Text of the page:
NEW DELHI: The Supreme Court Tuesday quashed the Delhi High Court's interim order restraining the Income Tax (IT) department from taking any action against VVIP chopper scam accused Gautam Khaitan, against whom a separate black money laundering case has been lodged, saying it was "not sustainable in law".
The apex court set aside the May 16 order of the high court which had also said that the black money law cannot be allowed to operate with retrospective effect from July 1, 2015.
A three-judge bench headed by Justice Arun Mishra asked the high court to decide the petition pending before it on its own merits and uninfluenced by the observations of the top court.
The bench, also comprising justices M R Shah and B R Gavai, said that the scheme of the Black Money Act is to "provide stringent measures for curbing the menace of black money" and various offences have been defined and stringent punishments have been provided under the law.
"It would further be relevant to note that sub-section (3) of section 1 of the Black Money Act, itself provides that save as otherwise provided in this Act, it shall come into force on 1st day of July 2015.
A conjoint reading of the various provisions would reveal that the assessing officer can charge the taxes only from the assessment year commencing on or after April 1, 2016.
However, the value of the said asset has to be as per its valuation in the previous year," the bench noted in its 13-page verdict.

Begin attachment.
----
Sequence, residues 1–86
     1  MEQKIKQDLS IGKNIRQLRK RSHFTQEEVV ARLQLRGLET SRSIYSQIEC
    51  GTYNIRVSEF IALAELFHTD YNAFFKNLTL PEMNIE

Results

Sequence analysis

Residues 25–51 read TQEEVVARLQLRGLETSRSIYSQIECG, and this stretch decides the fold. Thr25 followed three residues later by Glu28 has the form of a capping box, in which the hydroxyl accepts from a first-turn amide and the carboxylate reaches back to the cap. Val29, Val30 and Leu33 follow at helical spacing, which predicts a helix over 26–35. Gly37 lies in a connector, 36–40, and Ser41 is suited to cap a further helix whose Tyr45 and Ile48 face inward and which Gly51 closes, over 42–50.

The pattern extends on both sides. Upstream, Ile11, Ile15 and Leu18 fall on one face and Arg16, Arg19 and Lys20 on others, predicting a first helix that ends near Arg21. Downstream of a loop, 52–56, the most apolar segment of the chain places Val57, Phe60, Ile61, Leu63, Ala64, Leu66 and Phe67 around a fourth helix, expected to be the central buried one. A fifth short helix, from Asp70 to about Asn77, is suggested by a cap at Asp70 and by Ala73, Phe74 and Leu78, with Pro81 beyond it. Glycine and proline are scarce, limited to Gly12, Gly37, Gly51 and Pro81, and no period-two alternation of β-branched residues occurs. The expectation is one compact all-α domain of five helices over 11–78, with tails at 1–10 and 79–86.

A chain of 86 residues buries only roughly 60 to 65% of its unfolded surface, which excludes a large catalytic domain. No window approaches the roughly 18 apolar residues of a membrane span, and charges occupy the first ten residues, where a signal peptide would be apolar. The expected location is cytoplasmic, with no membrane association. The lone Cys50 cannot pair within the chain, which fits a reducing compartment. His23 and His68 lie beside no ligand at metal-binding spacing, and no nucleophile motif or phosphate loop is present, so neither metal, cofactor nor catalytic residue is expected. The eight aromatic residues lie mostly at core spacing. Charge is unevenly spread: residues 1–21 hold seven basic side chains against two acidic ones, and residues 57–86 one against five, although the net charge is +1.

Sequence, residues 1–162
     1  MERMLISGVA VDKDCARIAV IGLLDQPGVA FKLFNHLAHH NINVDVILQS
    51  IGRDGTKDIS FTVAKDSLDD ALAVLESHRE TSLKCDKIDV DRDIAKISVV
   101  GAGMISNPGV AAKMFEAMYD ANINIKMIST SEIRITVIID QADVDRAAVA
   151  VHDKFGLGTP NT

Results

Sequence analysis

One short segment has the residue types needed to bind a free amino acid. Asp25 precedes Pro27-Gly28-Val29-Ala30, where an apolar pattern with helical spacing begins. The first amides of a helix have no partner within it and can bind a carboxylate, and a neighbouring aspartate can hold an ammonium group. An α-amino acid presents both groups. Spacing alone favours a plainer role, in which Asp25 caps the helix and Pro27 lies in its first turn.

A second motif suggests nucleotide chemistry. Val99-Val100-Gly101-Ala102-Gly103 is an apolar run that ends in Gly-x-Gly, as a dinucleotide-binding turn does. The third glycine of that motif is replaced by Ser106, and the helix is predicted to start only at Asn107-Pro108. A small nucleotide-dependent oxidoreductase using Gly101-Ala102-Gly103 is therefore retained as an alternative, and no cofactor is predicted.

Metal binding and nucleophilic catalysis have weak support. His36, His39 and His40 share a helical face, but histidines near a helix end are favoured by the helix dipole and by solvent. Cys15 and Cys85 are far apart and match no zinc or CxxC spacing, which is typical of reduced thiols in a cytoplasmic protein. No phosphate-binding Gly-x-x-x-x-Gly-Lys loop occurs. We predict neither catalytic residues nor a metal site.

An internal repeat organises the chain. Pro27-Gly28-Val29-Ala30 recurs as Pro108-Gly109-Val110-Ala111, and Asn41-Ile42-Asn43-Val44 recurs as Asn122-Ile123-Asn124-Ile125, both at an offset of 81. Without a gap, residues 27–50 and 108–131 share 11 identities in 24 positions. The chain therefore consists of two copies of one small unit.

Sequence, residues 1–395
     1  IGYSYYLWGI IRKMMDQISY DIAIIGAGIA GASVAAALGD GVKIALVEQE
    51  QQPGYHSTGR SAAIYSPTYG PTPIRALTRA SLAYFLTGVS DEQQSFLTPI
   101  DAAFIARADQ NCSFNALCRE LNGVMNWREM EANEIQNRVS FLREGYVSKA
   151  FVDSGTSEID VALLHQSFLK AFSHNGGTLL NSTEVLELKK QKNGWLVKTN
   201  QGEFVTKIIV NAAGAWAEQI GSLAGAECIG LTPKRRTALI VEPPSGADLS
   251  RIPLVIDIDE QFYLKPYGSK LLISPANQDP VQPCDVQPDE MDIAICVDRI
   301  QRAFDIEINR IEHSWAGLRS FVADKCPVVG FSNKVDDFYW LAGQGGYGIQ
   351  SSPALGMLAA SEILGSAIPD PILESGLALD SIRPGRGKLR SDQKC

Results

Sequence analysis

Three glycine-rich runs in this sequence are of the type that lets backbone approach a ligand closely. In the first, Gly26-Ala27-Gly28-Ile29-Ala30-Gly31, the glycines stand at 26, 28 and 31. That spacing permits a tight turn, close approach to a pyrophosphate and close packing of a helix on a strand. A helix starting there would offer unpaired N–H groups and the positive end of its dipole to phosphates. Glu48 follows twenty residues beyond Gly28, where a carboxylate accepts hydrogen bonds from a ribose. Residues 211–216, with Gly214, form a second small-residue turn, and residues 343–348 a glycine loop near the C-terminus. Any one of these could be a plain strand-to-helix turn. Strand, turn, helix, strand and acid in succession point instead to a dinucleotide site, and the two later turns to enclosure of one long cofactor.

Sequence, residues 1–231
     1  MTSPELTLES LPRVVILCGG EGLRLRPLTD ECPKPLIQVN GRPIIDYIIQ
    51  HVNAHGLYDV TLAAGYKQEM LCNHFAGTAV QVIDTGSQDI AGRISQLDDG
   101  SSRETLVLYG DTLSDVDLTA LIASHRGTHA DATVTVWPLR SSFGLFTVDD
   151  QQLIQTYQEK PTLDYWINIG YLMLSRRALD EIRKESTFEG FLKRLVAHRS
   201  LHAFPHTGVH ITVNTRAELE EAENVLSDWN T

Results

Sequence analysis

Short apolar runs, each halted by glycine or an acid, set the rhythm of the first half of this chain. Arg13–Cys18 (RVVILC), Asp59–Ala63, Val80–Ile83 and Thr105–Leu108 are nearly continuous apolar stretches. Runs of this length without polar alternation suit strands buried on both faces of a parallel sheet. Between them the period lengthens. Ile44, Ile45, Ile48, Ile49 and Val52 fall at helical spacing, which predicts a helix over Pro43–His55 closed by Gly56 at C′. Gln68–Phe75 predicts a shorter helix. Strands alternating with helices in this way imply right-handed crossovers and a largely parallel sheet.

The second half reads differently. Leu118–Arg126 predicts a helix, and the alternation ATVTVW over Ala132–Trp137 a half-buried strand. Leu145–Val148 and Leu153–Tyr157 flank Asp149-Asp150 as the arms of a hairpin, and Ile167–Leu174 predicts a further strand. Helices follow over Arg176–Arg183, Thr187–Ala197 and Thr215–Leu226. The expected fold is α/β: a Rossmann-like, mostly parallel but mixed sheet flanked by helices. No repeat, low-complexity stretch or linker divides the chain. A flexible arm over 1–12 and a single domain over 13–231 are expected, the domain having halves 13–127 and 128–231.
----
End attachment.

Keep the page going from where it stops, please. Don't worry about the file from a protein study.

"As such, we find that the high court was not right in holding that, by the notification/order impugned before it, the penal provisions were made retrospectively applicable," the bench said.
It noted that the Black Money (Undisclosed Foreign Income and Assets) and Imposition of Tax Act, 2015 was passed by the Parliament on May 11, 2015, and it had received Presidential assent on May 26, 2015.
It noted that by an order notified on July 1, 2015, which was challenged before the high court, it was provided that the Black Money Act shall come into force on July 1, 2015.
Referring to section 59 of the Act, the bench said it gives an opportunity to the assessees, who have acquired an asset located outside India from income chargeable to tax under the Income Tax Act, to declare such asset and pay tax and penalty thereon.
"The penal provisions under sections 50 and 51 of the Black Money Act would come into play only when an assessee has failed to take benefit of section 59 and neither disclosed assets covered by the Black Money Act nor paid the tax and penalty thereon," it said.
"In that view of the matter, we find that the interim order passed by the high court is not sustainable in law, the same is quashed and set aside," the bench said.
The apex court passed the verdict on an appeal filed by the Centre against the high court's May 16 interim order.
The top court had in May this year stayed the operation of high court's May 16 interim order and had said it would hear the matter.
The high court, in its interim order, had stayed the Centre's notification to make operational the Black Money (Undisclosed Foreign Income and Assets) and Imposition of Tax Act, with effect from July 1, 2015.
Khaitan is one of the accused in the Rs 3,600-crore AgustaWestland VVIP chopper scam.
In the high court, he has challenged the legality of various provisions of the Black Money (Undisclosed Foreign Income and Assets) and Imposition of Tax Act.